Picking Up The 52: Huntress, Batwing, Hawk & Dove & Deathstroke #1s
I recently came into a stack of DC’s New 52 #1 issues. I didn’t think I’d be reading any of these books until word of the best ones popped and the trades came out, but here we are. I figured it would be fun to read them in the order they came to me in and just dove in. Here’s my thoughts.
Huntress #1 (of 6)
Written by Paul Levitz, drawn by Marcus To
This was an interesting book to start off with. On my first read through it was enjoyable enough. You’ve got Huntress in pretty much the same outfit she had in the previous universe and basically the same MO, traveling abroad and stumbling upon a human trafficking ring. She uses her vigilante crime fighting skills to crush skulls and put a stop to the problems, though she doesn’t quite get to the big boss man yet. But, then, on the second flip through I realized that there wasn’t really much in the way of new-ness in this comic. Pretty much every scene in this book has shown up in movies or other comics and winds up not being all that interesting upon further inspection. I do, however, think that Marcus To has some pretty solid chops. He draws ladies as well as action pretty well. He even does some good face work when he’s given the chance to do so. I hate starting these things off negatively, but it does seem like this would be an okay entryway for someone who’s used to action/vigilante movies but not into comics. You could probably give this comic to the Dirty Harry/Death Wish fan in your life and they’d probably get into it and maybe come back for more.
Batwing was actually one of my favorite books from this stack. It introduces us to the African Batman, more specifically, the man who Batman visited and tasked with instilling fear in the hearts of men. I should note that this is the only one of the New 52 books I read that Batman actually appears in, so I’m not sure what the deal is moving over from the Grant Morrison stuff pre-New 52, but I’ve heard it’s actually pretty similar. I’m not all the way caught up on that stuff either, but I know the point of Batman, Inc. was to set different Batmen up around the world where they’re needed. And, boy, does this area need a Bat. I’m no expert, but Winick seems to have a good handle on the stakes in this part of the world and places our new armored hero in them to worrying degrees. There’s even one point where he notes that Batmen won’t scare such hardened people. It’s a really interesting point that I hadn’t thought of, which is something I dig when reading comics. Also, Ben Oliver has a big bold style that looks like it’s almost painted (maybe it is?) that I liked though he could have done more with the backgrounds, which is becoming my biggest pet peeve in comics lately. The issue ended with a cliffhanger that made me want to move on to the next issue. I will definitely have my eyes peeled for the Batwing trade when it comes out.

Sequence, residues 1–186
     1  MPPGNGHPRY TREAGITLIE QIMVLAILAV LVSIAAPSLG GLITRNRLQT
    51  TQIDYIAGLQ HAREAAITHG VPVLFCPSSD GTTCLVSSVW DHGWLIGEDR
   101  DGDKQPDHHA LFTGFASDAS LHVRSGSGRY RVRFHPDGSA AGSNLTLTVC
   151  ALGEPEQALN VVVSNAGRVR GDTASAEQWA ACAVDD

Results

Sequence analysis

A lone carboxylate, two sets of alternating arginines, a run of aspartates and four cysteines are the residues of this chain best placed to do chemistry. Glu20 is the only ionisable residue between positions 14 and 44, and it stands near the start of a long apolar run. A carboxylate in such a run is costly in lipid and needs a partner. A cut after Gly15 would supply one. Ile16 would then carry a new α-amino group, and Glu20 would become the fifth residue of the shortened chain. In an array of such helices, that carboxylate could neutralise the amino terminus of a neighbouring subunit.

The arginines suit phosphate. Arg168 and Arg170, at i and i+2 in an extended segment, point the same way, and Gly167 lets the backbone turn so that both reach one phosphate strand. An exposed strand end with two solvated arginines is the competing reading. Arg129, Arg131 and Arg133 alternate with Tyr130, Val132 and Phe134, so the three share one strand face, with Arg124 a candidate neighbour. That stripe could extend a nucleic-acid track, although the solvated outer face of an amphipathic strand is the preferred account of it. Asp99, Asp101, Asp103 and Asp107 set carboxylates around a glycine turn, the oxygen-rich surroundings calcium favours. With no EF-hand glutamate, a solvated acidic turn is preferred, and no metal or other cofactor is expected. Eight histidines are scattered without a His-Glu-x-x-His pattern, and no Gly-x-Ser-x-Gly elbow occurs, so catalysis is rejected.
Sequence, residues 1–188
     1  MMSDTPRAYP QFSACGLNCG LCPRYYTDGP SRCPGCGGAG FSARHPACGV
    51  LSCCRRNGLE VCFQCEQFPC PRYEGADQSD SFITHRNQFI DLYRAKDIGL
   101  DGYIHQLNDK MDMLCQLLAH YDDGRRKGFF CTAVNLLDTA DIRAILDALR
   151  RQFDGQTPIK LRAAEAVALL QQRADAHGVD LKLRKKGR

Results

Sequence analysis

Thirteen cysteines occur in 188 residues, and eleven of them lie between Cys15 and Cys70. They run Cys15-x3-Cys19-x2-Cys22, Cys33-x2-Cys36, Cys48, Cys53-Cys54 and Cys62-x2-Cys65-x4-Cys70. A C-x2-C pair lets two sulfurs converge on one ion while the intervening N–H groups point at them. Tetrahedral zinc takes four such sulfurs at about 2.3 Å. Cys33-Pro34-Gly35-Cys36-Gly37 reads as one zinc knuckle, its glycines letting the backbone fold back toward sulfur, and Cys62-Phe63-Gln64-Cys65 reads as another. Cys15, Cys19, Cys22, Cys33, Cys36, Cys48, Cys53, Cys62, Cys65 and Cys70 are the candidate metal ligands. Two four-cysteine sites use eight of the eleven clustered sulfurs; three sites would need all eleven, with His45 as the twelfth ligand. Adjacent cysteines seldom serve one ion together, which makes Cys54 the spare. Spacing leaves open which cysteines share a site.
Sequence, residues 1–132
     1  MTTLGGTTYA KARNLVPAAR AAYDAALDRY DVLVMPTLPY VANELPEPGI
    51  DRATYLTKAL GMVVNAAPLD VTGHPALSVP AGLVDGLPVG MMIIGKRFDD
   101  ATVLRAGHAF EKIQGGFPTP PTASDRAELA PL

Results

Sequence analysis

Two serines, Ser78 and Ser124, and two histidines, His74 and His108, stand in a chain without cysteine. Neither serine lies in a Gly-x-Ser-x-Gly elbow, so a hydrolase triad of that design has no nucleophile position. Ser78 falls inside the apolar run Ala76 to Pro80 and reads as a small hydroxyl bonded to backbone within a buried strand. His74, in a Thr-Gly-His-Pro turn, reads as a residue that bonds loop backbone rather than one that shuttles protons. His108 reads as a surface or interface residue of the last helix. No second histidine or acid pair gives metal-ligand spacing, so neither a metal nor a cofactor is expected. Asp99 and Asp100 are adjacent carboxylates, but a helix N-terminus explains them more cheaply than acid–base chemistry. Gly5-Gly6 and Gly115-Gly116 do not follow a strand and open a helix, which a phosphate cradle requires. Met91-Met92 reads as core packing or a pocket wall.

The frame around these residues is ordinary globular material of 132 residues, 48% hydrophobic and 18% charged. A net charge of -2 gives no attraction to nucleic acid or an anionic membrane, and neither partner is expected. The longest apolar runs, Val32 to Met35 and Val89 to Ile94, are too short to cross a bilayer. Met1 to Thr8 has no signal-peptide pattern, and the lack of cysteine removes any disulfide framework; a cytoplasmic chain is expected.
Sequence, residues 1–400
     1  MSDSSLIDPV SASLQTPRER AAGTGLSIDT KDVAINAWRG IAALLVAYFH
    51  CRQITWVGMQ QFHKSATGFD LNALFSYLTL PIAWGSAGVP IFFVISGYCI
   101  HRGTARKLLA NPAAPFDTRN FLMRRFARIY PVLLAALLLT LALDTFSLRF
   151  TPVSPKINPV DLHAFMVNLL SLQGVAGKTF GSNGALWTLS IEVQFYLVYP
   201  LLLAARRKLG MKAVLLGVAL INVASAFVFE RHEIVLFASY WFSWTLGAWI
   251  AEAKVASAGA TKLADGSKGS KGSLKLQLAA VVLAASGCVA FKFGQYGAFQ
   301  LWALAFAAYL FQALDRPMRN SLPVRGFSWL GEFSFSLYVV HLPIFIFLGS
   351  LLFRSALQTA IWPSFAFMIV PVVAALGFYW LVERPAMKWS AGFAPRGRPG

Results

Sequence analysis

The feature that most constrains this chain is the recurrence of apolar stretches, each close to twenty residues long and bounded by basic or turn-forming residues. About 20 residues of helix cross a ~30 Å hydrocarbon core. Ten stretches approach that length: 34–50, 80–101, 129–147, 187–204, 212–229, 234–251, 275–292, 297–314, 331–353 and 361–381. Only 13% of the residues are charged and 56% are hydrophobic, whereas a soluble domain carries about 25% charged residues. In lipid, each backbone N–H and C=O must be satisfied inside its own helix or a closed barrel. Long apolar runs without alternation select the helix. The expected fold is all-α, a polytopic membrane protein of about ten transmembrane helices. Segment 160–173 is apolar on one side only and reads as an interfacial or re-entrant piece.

Another comic book pet peeve I’ve got is when a book opens with tons of text, especially if it’s a news broadcast which is how Hawk & Dove kicks off. I know it means I’m lazy, but that’s how I roll. Other than that, this is an alright book. The concept of Hawk and Dove is one that I just don’t dig. One person likes to fight and the other doesn’t, but they’re both superheroes? It just doens’t grab me because it feels very limited. This book also seems very connected to the old DCU considering this is the same pairing that came back to life in Brightest Day and that Dove is with Deadman which I’m guessing is also a carryover. Heck, the last page reveal shows that a guy who looks like Kestrel is going to be a bad guy. Only a very specific audience–the people who would have bought a Hawk & Dove book anyway–would really care about this last page reveal. But, maybe it gets better or maybe those H&D fans dig this book.
Written by Kyle Higgins, drawn by Joe Bennett
Thankfully, Deathstroke is a concept I can definitely get behind and have been taken with since I first encountered him way back when. He’s a one-eyed assassin who uses all of his brain to figure out how to kill you before you can even throw a punch. That, I like. This issue finds him working with a team of younger support people to steal something from an in-flight airplane and kill a guy. The job goes a little wonky and he winds up throwing down with some monsters and getting the chance to swing that gigantic sword of his. At the end, he shows exactly what he’s about and winds up breaking ties with the people he had been working for. Like Batwing, there’s enough here to get me to come back for the trade. I also dig Bennett’s art. I know I’ve read his comics before, but this looks different than I remember. He’s got a little Jim Calafiore going on. He’s a bit stylized which really fits this cross-genre book that stars a man in armor. I dig it.